Red Deer ponders municipal police force

The cost of creating a municipal police force was much too big for one British Columbia city, which, like Red Deer, pondered the merits of replacing the Mounties.

An RCMP officer makes notes following a four-vehicle collision that injured one person and closed southbound 30th Avenue at 32nd Street Wednesday.

The cost of creating a municipal police force was much too big for one British Columbia city, which, like Red Deer, pondered the merits of replacing the Mounties.

Surrey, a city of 465,000, conducted a one-year, $150,000 study more than 10 years ago to see if a municipal police force was worth starting up. According to information published in the Surrey Leader in 2001, start-up costs would total $3 million and annual operating costs would be nearly $2 million more than the RCMP contract.

Surrey Mayor Dianne Watts said the RCMP allows the municipality to share policing resources with other communities throughout B.C. This makes it cheaper for the municipality.

The RCMP were also becoming more responsive to the city’s needs and in fact after the study was done, decided to have a minimum five-year stay for its officers.

“We’re the largest RCMP detachment in the country and it works very well for us,” Watts said.

There are no plans to do any policing review, Watts added.

The City of Red Deer recently announced it would do a policing review next year, including a review of the RCMP contract.

An informal online poll done by the Advocate last week showed a high level of support to keep the RCMP in Red Deer, a city of almost 90,000 people.

A total of 96 readers, or 34 per cent, voted in favour of a municipal force versus 184 votes or 65 per cent against.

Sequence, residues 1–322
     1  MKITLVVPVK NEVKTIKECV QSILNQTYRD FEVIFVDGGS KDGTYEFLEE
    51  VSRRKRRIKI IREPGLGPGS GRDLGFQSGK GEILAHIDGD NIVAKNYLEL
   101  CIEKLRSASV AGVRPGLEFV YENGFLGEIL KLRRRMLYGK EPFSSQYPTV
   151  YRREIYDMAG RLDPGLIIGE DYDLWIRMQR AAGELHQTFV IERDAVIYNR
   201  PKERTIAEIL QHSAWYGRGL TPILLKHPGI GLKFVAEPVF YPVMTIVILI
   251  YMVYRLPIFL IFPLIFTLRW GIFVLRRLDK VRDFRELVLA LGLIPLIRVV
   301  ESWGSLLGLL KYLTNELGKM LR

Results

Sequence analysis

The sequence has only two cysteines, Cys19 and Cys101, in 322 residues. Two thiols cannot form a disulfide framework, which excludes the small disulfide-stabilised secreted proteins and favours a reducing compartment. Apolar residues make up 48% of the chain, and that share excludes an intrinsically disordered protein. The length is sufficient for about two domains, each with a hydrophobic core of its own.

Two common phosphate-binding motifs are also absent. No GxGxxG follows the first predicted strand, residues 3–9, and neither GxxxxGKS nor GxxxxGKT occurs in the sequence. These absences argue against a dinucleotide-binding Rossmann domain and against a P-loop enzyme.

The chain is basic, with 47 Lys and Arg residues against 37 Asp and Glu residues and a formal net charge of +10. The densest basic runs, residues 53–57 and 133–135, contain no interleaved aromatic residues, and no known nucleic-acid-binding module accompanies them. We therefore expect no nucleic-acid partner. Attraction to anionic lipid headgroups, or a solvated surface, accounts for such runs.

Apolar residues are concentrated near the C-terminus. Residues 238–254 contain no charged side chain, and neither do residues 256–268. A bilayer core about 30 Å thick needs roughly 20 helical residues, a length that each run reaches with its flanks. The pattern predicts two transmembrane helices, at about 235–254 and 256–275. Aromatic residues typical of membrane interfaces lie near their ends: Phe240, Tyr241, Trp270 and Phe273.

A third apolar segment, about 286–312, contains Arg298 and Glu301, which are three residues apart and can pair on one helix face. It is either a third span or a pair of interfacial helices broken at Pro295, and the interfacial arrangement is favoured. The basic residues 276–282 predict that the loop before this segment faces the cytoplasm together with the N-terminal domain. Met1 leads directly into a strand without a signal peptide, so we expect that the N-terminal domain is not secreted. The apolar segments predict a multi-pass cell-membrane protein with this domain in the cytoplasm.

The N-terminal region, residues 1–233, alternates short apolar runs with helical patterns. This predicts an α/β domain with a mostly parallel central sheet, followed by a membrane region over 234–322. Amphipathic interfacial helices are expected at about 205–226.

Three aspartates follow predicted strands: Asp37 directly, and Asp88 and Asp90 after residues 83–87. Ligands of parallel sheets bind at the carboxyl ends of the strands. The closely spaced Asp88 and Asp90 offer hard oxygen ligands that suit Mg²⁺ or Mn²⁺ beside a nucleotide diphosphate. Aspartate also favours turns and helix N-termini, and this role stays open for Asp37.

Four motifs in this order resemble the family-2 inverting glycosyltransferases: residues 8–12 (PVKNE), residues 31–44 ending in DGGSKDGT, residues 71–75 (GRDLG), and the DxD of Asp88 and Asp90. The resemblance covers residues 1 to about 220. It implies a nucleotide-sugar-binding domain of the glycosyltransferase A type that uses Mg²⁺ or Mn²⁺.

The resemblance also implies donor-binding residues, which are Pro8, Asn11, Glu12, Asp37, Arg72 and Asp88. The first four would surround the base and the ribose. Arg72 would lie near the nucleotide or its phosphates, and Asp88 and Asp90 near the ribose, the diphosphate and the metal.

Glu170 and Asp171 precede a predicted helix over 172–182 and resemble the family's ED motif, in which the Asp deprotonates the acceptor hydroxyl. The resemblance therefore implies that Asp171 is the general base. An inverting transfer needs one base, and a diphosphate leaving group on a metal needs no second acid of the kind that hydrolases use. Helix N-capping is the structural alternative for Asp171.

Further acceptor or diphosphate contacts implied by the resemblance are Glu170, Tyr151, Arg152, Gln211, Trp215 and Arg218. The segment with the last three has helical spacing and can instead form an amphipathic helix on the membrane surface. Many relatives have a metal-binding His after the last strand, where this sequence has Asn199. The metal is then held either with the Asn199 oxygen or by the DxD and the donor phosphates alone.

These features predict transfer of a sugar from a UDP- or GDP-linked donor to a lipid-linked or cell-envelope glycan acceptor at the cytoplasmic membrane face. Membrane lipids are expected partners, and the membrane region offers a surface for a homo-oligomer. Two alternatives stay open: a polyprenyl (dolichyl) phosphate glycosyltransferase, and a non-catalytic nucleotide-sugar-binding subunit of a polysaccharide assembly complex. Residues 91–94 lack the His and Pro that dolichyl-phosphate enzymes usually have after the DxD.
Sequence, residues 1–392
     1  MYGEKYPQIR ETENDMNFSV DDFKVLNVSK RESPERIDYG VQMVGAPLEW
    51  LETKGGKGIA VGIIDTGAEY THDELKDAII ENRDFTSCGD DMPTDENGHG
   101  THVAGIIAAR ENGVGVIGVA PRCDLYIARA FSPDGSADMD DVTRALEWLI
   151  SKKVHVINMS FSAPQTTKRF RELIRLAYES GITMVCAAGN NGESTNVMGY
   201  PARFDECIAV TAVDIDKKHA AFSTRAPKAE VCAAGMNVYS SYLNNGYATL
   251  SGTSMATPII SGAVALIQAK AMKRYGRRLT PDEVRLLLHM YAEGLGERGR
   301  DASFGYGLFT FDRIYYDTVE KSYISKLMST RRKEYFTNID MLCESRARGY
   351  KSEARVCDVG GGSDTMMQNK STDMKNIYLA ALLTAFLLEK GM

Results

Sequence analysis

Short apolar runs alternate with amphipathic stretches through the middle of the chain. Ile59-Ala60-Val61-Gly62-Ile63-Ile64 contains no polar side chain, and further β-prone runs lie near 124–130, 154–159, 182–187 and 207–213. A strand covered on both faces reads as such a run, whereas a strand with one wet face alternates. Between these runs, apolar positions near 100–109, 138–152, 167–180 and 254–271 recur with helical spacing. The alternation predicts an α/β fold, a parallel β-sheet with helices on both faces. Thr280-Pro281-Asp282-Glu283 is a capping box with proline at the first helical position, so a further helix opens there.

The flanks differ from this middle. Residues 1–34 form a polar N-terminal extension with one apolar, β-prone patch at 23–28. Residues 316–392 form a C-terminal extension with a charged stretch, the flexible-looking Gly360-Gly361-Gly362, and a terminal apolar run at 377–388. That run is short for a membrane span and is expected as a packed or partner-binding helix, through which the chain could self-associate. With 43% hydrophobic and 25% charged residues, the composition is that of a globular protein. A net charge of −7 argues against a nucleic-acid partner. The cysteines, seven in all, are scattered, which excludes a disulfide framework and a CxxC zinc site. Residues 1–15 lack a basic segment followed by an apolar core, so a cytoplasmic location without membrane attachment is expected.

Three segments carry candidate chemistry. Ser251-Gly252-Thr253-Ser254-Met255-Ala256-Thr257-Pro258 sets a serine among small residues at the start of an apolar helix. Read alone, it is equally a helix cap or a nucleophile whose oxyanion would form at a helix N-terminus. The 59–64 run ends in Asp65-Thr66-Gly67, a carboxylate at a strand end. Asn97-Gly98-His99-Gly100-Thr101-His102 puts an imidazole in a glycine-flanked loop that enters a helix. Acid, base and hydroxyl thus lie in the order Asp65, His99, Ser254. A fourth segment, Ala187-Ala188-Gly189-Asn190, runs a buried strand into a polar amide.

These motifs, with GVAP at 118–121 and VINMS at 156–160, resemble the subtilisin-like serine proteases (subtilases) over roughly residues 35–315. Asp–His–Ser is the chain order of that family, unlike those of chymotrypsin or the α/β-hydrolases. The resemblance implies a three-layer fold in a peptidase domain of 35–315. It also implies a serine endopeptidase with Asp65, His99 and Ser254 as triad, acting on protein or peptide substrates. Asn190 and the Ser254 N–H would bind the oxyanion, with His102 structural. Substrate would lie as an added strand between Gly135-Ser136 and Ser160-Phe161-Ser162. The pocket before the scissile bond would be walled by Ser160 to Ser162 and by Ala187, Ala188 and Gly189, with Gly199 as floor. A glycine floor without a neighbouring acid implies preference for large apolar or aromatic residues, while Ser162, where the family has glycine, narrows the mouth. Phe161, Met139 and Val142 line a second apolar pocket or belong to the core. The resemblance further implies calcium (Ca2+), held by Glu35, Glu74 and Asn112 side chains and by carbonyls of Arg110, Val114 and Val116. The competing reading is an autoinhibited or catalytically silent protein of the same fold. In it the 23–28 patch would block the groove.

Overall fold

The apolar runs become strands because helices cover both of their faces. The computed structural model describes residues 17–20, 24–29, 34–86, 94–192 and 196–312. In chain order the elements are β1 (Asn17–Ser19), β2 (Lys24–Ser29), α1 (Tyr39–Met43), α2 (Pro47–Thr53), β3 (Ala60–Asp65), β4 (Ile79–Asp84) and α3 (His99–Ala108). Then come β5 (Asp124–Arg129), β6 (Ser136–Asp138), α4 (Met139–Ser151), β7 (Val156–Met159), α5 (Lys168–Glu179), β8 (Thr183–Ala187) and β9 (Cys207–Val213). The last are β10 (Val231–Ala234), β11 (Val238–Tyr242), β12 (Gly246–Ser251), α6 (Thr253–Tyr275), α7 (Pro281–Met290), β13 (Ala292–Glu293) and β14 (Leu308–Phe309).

Supt. Brian Simpson of the Red Deer City RCMP has said he anticipates the RCMP will stay in Red Deer following a policing review.

Representatives of two communities in Alberta say they will keep their own municipal police force and have no desire to have the Mounties move in.

Lacombe Mayor Judy Gordon said that the town of nearly 12,000 people has had its own municipal force for more than 100 years.

Having a municipal force allows for more decision making at the local level, while the RCMP receive a lot of direction from Ottawa, she said.

“Every now and then we talk about (the RCMP), but at the end of the day, we’re very proud of our municipal police force and they do an excellent job,” said Gordon.

Lacombe Police Service has 13 officers, plus Chief Gary Leslie.

Lethbridge has had its own service since 1902 and has since developed into a regional police service, serving the town of Coaldale as well.

Mayor Bob Tarleck said policing represents the largest single item in the city’s operational budget, or a total of 22.5 per cent.

In 2009, policing totalled $22.4 million and next year, it’s anticipated to be $23.6 million.

“If we were only looking at costs, we’d probably get rid of our service and go with the RCMP,” he said.

The city has 154 officers, plus 43 support staff.

“If we want to establish a task force or put more officers on the street, we can do that,” Tarleck said. “We have the authority to do that. I think it’s a little more difficult with the RCMP because they don’t always have the resources to respond as quickly.”

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